Pregnancy health: What’s best for baby and mum?


Australia is a relatively safe place to have a baby, whether you choose the public or the private health system. However, there are plenty of things you can do as a mum-to-be to contribute to better maternal health in pregnancy, fewer late pregnancy interventions, and positive child health outcomes.

Here, we’ll talk about some of the top things you need you need to consider when pregnant or planning for a baby.

Antenatal care (this is care during pregnancy). Regularly attending antenatal appointments increases the likelihood of receiving effective health interventions. The Department of Health recommends that you have your first antenatal visit within the first 10 weeks of pregnancy.

First-time mums with no complications during pregnancy, can expect to attend around 10 visits in total, while mums of subsequent babies can expect around seven.

You may first realise you’re pregnant by taking a home test. What next? The first thing you should do is book in to see your GP. The earlier, the better, especially if you have pre-existing medical conditions. Your doctor can confirm your pregnancy with a blood test, which can also give you can idea of how many weeks pregnant you might be. Who you see next depends on whether you use the private or the public system. Your GP can explain a little more about your options:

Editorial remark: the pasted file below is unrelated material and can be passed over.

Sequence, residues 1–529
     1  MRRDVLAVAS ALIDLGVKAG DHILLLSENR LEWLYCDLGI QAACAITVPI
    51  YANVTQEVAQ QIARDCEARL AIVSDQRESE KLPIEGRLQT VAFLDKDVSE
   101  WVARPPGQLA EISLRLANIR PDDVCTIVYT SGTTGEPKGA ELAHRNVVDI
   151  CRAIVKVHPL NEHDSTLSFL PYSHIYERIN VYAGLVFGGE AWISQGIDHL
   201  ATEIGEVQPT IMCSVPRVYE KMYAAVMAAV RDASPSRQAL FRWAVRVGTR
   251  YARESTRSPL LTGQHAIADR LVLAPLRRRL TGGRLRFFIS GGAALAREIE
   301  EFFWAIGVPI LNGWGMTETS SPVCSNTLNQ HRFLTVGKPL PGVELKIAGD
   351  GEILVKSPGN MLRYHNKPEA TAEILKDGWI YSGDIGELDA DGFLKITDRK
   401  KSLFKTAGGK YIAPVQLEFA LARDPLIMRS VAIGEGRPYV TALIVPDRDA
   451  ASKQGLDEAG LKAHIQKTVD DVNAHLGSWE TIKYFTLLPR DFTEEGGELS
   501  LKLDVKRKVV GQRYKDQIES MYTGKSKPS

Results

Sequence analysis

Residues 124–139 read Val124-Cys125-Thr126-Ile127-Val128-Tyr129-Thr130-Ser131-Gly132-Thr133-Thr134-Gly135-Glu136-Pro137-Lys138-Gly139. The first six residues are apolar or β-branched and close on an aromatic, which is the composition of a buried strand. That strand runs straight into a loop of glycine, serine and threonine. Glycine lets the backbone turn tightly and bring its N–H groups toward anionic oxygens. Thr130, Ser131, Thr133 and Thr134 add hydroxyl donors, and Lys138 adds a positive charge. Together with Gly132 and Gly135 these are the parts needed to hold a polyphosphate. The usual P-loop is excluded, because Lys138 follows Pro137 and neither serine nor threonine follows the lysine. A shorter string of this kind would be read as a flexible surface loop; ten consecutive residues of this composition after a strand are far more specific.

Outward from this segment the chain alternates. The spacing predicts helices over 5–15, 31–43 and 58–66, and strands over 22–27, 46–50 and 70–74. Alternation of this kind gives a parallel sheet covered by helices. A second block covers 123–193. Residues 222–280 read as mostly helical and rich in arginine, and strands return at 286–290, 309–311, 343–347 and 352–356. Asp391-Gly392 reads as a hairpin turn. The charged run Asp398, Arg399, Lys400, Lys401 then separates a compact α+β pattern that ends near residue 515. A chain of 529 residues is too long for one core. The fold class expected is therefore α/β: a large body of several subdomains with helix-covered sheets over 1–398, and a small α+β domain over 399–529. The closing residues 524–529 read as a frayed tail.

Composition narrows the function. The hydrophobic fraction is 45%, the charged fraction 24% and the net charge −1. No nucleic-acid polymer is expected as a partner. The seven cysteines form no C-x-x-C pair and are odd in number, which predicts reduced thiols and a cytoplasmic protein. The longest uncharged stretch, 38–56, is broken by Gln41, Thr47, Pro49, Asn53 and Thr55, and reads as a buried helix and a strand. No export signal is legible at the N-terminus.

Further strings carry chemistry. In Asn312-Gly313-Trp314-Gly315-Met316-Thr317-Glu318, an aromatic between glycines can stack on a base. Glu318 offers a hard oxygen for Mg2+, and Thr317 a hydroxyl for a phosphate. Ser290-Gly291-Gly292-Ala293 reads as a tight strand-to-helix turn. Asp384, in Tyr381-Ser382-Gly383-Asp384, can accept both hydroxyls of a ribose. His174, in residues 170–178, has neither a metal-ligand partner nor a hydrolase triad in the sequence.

• Obstetrician – if you’d like to see an obstetrician, you’ll need a GP referral.
  • Private midwife – you won’t need a referral to see a private midwife.
  • Continue to see your GP – you can choose ‘shared care’ where you continue to see your GP and sometimes attend the public hospital for appointments.
  • Public hospital – you can have all your appointments at the public hospital, seeing various care providers each visit. Some public hospitals do offer a midwife ‘continuity of care’ program, where you will have the same midwife each visit.

Smoking and alcohol. Around one in 10 pregnant mums continues to smoke. We know that this can increase the risk of low birthweight, premature births, perinatal death and sudden infant death syndrome (SIDS).

A quarter of pregnant women continued to drink alcohol. Alcohol crosses the placenta to your baby and can cause low birthweight, miscarriage, stillbirth, premature birth and birth defects. There is no known safe quantity of alcohol you can drink or safe number of cigarettes you can smoke during pregnancy, so it’s safest to stick with zero.

Immunisations. Being immunised against common diseases can protect your baby by helping you avoid illness. During your pregnancy, your doctor will likely offer you vaccines for:

  • Influenza (the flu)
  • Whooping cough
  • Some women also choose to be vaccinated against rubella and chickenpox.